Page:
Even when the recipients’ movements or interactions do not matter, space can still be experienced as temporal flow. Robert Morris’s Box with the Sound of Its Own Making (1961) underscores the contrast between the moment of the image and sound’s temporal element by accompanying the visual permanence of a wooden box with the ephemeral sounds of its manufacture. In Music on a Long Thin Wire (1977), Alvin Lucier uses an electrically amplified string that resonates by means of hardly perceptible air flows in order to demonstrate how sensitive the hearing apparatus is, allowing it to differentiate invisible processes such as temperature fluctuations. The tightened string that conveys the visual impression of being static and inanimate turns out to be dynamic and is experienced as animated. Bernhard Leitner acoustically rebuilds spatial constructions (e.g., an arch construction) by dynamically reshaping architectural features such as proportion, tension, and weight through sounds moved in the room (Immaterielles Gewölbe, 1974). Through a change of media he demonstrates that the visual experience of architecture is a dynamic process and that the ideal of static space represents a simplification which neglects the constitutive role of the subject with her or his inevitably time-bound perception. In The Pier (1996), Hans-Peter Kuhn uses light and sound to depict large spatial dimensions in ever changing ways. Nine tall towers in color along a New York pier show a static structure, while sounds at high speed—that is, very dynamic and thus counteracting the visual impression—contradict the visual order.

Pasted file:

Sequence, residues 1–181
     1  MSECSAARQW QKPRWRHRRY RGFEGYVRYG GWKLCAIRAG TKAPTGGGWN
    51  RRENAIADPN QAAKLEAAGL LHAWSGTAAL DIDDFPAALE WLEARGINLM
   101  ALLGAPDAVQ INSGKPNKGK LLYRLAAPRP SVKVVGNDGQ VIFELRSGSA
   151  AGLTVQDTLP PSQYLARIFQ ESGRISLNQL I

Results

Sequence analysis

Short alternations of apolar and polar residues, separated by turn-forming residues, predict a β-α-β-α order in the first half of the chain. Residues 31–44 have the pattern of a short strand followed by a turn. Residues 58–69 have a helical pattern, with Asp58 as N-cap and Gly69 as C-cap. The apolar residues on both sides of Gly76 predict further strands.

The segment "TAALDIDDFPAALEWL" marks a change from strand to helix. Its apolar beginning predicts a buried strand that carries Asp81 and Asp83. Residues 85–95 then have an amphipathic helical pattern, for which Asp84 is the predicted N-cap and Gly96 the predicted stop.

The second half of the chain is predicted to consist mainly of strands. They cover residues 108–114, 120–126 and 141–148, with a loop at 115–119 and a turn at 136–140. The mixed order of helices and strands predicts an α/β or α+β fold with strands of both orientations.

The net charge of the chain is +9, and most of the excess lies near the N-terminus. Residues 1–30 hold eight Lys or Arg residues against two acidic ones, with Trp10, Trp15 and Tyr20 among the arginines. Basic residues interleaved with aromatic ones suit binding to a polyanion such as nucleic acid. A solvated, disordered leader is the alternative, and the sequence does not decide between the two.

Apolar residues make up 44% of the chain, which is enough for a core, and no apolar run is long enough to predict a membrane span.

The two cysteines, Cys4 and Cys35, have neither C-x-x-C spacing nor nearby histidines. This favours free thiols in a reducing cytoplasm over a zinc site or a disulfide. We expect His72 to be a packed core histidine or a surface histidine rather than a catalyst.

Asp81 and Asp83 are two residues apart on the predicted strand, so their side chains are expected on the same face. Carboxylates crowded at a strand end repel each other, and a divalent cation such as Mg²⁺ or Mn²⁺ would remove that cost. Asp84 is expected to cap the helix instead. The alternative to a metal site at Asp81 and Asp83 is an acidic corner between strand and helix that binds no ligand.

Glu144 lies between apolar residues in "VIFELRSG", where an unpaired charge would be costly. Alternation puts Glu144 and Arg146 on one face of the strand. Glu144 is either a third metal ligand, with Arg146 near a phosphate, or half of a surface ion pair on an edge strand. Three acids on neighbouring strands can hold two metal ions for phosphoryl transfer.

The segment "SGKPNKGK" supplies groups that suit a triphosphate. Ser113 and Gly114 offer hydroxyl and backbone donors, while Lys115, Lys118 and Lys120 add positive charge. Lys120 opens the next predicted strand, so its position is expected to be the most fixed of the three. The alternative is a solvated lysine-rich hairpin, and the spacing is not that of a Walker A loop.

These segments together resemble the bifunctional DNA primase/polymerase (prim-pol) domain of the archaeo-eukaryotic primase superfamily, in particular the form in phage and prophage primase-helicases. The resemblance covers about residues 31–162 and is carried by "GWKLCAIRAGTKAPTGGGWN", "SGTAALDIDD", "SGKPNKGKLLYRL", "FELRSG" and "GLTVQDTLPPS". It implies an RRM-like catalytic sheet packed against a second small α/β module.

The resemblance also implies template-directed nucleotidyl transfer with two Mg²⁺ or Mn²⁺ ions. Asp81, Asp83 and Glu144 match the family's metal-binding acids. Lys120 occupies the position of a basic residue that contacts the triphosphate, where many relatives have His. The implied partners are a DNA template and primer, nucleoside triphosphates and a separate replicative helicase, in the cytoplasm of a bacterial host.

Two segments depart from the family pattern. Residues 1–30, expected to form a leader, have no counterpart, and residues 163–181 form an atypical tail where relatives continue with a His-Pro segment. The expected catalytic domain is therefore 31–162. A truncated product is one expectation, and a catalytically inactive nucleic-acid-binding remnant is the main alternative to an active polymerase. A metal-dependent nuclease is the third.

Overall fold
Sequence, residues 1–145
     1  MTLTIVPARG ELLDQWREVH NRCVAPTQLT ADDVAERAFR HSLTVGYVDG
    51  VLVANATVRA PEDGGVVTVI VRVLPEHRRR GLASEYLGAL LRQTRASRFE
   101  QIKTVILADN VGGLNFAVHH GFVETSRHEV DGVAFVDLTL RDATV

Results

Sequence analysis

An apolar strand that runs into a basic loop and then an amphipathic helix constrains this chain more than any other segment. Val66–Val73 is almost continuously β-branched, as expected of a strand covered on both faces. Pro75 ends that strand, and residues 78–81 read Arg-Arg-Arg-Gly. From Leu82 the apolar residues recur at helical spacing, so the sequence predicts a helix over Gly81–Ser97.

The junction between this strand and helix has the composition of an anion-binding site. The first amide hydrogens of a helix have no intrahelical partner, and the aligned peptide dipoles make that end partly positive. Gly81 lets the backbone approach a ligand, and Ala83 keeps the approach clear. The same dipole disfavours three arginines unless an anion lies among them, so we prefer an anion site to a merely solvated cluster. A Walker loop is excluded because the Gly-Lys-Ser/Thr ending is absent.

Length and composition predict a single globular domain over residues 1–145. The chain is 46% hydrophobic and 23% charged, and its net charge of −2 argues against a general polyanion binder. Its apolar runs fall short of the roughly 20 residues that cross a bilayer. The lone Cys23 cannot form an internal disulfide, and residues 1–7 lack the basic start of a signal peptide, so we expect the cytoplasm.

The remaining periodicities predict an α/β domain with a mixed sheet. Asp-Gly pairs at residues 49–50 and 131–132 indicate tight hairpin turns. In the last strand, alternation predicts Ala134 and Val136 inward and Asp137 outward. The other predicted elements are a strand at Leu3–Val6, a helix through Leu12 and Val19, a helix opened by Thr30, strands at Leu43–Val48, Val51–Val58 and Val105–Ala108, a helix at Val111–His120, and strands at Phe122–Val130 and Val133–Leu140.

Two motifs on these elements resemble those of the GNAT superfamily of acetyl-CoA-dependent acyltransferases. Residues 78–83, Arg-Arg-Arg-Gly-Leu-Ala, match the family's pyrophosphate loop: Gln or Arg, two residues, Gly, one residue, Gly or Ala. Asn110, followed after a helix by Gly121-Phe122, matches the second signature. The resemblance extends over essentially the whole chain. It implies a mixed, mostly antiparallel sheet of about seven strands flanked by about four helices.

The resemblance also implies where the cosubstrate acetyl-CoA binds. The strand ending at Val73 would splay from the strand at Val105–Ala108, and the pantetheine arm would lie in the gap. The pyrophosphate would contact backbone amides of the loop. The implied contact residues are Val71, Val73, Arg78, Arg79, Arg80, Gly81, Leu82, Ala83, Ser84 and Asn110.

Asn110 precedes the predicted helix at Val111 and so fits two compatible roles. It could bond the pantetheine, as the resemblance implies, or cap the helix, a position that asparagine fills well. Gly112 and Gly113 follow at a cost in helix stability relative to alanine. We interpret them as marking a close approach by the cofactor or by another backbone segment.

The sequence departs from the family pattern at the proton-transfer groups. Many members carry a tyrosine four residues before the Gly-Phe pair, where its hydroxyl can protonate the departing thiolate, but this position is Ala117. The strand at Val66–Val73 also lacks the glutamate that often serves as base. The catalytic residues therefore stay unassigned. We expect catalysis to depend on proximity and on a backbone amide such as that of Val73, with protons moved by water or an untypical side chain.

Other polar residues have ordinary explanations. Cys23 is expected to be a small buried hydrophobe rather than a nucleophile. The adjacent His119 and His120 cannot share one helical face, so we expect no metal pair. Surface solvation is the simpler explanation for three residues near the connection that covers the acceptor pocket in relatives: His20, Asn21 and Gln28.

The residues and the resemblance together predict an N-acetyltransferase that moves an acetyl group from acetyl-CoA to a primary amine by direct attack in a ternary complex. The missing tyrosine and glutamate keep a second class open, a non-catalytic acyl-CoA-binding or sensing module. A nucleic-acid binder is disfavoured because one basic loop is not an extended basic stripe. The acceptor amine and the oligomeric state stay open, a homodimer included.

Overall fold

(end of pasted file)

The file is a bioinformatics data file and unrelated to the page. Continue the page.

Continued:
The works of Rolf Julius, such as Musik an einem Gebäude vorbei (1987), have been shaped by the dynamic interaction of the acoustic and visual or haptic qualities of materials, objects, and spaces. By reducing the means (e.g., through minimalistic, creative interventions; extremely muted and simple sounds; small, unimpressive objects), the material character and the contextual content of pebbles, sand, wood, air, everyday items, spaces, and surfaces are highlighted in the act of perception as if one were looking through an endoscope—as if one had entered these objects. In works such as Iter Magneticum (1986), Christina Kubisch creates a resonance between the visible traces of history and the characteristics of special spaces by making sounds from the past or from the functional context of the space perceptible as a dynamic meshwork. Both examples deal with intermodal processes of resonance between visual and acoustic stimuli. These processes become sources for the emergence of meaning.